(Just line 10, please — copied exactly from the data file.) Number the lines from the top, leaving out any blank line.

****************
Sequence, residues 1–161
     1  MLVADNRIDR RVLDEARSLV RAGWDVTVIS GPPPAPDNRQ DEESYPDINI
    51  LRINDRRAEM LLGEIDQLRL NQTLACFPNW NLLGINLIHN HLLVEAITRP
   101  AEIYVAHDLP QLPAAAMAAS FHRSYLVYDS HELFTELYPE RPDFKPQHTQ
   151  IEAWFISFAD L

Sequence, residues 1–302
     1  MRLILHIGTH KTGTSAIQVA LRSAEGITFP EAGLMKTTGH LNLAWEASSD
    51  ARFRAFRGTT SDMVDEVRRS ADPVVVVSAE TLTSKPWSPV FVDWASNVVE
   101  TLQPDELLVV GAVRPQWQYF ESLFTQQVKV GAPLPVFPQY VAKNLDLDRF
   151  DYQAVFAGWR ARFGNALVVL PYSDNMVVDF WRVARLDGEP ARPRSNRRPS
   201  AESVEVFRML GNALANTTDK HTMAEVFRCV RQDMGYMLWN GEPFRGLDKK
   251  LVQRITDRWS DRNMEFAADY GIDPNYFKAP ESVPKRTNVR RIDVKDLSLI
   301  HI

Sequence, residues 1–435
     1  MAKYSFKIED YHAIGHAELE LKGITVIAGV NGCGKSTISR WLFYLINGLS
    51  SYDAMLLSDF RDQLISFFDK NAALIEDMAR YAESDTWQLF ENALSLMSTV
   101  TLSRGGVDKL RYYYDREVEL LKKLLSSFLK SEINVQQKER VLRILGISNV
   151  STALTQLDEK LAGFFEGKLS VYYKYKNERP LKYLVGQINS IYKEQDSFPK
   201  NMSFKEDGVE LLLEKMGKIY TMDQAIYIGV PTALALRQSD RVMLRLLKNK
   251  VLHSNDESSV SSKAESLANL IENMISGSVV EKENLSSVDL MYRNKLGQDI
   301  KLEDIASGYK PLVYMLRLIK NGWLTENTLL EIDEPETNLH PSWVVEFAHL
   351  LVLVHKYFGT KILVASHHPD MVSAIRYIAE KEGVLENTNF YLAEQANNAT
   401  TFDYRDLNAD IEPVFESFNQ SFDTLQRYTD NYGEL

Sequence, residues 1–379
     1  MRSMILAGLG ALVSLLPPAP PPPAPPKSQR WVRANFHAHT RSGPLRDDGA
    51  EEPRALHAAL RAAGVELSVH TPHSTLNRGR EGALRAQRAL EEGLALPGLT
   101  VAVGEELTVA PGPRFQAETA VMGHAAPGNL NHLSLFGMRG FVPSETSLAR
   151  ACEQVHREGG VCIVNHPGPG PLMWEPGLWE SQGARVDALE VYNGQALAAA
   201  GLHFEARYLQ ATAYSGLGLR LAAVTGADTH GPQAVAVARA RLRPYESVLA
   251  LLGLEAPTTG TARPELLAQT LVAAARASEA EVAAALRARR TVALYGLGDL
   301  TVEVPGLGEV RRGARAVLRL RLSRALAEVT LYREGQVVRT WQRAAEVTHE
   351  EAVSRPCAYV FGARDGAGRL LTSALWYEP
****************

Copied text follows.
   151  DYQAVFAGWR ARFGNALVVL PYSDNMVVDF WRVARLDGEP ARPRSNRRPS